I remember during my seminary studies a professor said that once you hit forty, you aren’t likely to improve more than 10% in any specific area of life. Are you generally nerved up? Don’t count on mellowing out more than 10%. I don’t necessarily believe this number, but I keep it in mind as a reality check, along with the lyrics from Simon and Garfunkel’s “The Boxer”:

Now the years are rolling by me

They are rockin’ evenly

I am older than I once was

And younger than I’ll be and that’s not unusual.

No it isn’t strange

After changes upon changes

We are more or less the same

After changes we are more or less the same.

That same morning I bought the Erie Times-News and wondered about my life balance, I ran across a cluster of yard sales after picking up flea medicine at the veterinarian’s office. I breathed and walked from house to house, picking up a couple treasures and reminding myself that I’ll always be more or less the same, but once in a while I can step outside of my normal and do something for no good reason. The purchases pictured below should prove that I had a little fun.

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I bought three books for a quarter each. I’m all about simplicity but laid down these two bits to say, “I call BS.” No, you can’t be happy no matter what. If you can’t say something wise to people sitting around a deathbed, then stifle yourself.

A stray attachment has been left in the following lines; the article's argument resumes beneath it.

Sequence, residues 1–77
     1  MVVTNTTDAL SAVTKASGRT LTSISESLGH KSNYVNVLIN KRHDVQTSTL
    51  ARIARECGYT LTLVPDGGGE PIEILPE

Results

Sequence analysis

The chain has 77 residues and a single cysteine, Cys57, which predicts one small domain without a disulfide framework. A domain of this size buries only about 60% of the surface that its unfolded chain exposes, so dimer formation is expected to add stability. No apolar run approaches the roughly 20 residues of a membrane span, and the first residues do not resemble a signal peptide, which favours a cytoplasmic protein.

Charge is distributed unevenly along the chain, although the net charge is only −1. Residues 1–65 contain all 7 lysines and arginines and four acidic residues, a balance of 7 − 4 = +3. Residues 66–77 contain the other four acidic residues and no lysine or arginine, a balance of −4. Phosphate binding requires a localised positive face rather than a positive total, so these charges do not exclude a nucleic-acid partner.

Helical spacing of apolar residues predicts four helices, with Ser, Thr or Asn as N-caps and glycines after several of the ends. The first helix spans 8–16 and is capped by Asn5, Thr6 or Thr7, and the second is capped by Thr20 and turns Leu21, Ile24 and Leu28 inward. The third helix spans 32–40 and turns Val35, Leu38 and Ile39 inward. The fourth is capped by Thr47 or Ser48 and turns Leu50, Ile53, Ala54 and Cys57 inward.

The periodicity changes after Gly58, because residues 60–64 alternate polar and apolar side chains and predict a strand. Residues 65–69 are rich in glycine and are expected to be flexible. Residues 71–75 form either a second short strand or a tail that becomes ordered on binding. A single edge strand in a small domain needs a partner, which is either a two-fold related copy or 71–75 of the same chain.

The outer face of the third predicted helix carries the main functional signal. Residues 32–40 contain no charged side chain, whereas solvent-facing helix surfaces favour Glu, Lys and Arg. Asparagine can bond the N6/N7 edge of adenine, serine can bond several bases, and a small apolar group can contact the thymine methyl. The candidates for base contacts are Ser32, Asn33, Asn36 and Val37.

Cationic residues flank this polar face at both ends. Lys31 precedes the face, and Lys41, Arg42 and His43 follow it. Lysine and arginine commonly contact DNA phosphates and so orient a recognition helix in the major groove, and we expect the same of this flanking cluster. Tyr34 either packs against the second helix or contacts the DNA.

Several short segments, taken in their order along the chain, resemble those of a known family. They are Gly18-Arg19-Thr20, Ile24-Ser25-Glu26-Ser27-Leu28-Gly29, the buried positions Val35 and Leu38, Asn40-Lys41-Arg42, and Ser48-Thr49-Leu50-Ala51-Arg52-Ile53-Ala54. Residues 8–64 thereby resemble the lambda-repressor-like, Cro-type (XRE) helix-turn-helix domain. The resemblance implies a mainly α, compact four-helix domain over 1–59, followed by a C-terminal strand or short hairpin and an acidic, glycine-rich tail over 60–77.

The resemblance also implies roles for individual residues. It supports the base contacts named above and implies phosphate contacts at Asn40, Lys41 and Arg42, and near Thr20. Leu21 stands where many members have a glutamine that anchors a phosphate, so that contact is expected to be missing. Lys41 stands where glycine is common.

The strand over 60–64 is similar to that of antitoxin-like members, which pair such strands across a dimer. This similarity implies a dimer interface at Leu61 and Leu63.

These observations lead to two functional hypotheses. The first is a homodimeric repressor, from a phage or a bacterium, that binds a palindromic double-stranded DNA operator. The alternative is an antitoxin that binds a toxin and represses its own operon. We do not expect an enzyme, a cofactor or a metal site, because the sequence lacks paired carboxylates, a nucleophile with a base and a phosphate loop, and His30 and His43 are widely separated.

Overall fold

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This Dr. Ornish cover is guilty of a typo. It should read, “Eat More Lettuce, Weight Less”

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Note the artistic reflection of my dumb hand and iPhone taking a photo of this book. One of the many unsavory questions from the authors: “If you could be one article of clothing, what would you be, and who would you want to belong to?” I’m leaning toward Charles Kuralt’s suspenders. I want to see America, baby!